Rousseau created fantastic worlds filled with odd juxtapositions, though his imaginary jungles were based on first-hand observation of the lush vegetation at the Jardin des Plantes in Paris. He probably transferred his sketches onto the canvas using a pantograph (a simple copying device), but then reworked and exaggerated them so that the horticultural varieties can no longer be precisely identified. He freely mixed flora and fauna from different environments and used the jungle vegetation as a decorative motif, covering large areas of his canvas with a dense pattern that verged on abstraction. Rousseau was similarly unrestrained in his merging of the human and animal worlds, giving monkeys and other primates such props as a milk bottle, back scratchers, and fishing rods.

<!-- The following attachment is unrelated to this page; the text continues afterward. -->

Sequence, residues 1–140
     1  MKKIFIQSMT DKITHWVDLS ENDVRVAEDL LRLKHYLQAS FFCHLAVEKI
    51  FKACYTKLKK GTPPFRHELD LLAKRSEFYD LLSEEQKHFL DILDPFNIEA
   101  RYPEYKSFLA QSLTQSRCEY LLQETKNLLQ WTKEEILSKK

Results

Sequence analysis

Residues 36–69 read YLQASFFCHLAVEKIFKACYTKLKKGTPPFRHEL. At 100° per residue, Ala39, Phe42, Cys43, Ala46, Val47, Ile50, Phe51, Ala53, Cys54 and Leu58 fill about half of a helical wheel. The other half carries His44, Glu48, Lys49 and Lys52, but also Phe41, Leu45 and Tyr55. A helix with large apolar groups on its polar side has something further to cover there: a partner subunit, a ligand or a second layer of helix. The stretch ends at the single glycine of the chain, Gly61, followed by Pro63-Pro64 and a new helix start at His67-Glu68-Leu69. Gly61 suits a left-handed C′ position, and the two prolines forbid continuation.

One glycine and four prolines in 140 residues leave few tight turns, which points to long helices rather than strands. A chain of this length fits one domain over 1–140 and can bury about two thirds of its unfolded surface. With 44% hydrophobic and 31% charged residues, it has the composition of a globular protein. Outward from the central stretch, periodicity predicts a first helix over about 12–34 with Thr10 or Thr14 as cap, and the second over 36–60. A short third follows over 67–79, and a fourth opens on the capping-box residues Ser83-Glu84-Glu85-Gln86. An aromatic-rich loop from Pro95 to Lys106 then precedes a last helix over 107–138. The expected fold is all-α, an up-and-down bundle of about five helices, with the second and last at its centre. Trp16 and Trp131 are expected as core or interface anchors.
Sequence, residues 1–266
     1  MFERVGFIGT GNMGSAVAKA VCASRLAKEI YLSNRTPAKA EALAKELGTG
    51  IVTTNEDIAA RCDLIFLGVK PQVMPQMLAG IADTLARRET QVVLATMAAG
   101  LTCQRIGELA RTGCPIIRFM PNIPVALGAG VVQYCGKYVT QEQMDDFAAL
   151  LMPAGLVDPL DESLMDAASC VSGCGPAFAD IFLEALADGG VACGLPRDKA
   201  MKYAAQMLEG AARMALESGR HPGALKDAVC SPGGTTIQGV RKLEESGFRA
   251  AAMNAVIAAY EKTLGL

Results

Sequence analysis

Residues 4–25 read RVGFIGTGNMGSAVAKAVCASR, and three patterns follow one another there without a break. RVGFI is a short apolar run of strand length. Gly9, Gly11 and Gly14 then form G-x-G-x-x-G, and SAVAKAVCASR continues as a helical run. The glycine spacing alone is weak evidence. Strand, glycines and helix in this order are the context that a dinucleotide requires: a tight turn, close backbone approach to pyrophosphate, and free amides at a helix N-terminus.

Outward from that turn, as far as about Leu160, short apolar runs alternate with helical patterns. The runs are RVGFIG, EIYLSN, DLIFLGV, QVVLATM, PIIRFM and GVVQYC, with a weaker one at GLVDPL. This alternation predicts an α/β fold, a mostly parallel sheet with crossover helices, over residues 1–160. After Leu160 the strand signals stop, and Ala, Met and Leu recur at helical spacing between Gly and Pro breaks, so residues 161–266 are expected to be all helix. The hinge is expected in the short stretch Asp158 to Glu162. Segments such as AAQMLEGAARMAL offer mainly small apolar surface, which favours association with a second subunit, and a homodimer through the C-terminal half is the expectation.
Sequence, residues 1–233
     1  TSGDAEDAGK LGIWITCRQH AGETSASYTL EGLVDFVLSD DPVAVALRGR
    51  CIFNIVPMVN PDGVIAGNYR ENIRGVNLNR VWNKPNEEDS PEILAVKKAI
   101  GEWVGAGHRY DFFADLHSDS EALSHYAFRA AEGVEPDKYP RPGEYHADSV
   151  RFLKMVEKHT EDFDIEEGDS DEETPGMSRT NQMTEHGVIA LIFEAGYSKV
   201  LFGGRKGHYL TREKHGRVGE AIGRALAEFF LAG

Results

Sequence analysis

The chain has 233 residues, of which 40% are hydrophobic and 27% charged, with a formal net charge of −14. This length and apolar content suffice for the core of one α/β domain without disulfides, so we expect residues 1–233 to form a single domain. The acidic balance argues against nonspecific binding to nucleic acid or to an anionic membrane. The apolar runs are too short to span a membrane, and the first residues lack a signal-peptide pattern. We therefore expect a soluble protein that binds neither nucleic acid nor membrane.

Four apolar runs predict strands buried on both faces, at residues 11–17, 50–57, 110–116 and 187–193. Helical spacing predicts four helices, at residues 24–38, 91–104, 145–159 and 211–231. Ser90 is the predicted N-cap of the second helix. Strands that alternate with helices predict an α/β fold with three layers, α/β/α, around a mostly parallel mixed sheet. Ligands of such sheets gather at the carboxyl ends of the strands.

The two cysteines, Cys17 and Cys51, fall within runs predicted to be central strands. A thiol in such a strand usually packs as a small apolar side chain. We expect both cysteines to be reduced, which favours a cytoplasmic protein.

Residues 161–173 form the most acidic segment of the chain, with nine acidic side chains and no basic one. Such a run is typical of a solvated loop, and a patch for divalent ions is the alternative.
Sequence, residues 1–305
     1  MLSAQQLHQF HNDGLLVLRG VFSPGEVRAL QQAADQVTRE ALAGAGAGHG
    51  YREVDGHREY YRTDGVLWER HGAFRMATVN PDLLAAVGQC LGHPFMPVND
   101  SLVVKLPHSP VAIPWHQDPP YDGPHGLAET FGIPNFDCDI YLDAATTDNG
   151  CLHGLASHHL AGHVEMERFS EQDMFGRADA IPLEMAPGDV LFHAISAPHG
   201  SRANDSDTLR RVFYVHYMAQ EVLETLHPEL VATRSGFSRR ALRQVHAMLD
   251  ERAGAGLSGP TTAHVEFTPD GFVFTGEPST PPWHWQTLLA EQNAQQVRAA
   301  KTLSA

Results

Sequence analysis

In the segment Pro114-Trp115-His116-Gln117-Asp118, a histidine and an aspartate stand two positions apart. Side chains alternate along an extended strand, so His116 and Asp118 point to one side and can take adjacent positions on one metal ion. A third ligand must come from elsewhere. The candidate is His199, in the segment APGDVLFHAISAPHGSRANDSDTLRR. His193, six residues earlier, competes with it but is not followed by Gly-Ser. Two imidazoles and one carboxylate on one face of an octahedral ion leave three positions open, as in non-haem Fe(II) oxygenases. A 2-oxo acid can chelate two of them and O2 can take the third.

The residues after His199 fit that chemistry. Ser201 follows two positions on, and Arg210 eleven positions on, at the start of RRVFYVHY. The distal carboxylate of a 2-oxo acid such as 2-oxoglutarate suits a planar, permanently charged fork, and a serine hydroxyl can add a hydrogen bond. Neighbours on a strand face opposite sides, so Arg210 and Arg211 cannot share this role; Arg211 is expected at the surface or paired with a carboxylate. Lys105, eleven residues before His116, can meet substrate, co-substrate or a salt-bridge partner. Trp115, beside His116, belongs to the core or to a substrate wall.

The Dream, which depicts a nude woman lounging on a divan in the middle of the jungle, represents the pinnacle of Rousseau's achievement. With this work the artist brought together the studio (the sofa is modeled after the one in his own studio) and the jungle, the domestic and the exotic, and earned the respect of the avant-garde artists. They may also have admired the allover precision of the painting, in which each component—the reclining nude, the wide-eyed lions, the abundant greenery—is rendered with equal weight. As the poet and critic Guillaume Apollinaire wrote, "The picture radiates beauty, that is indisputable. I believe nobody will laugh this year."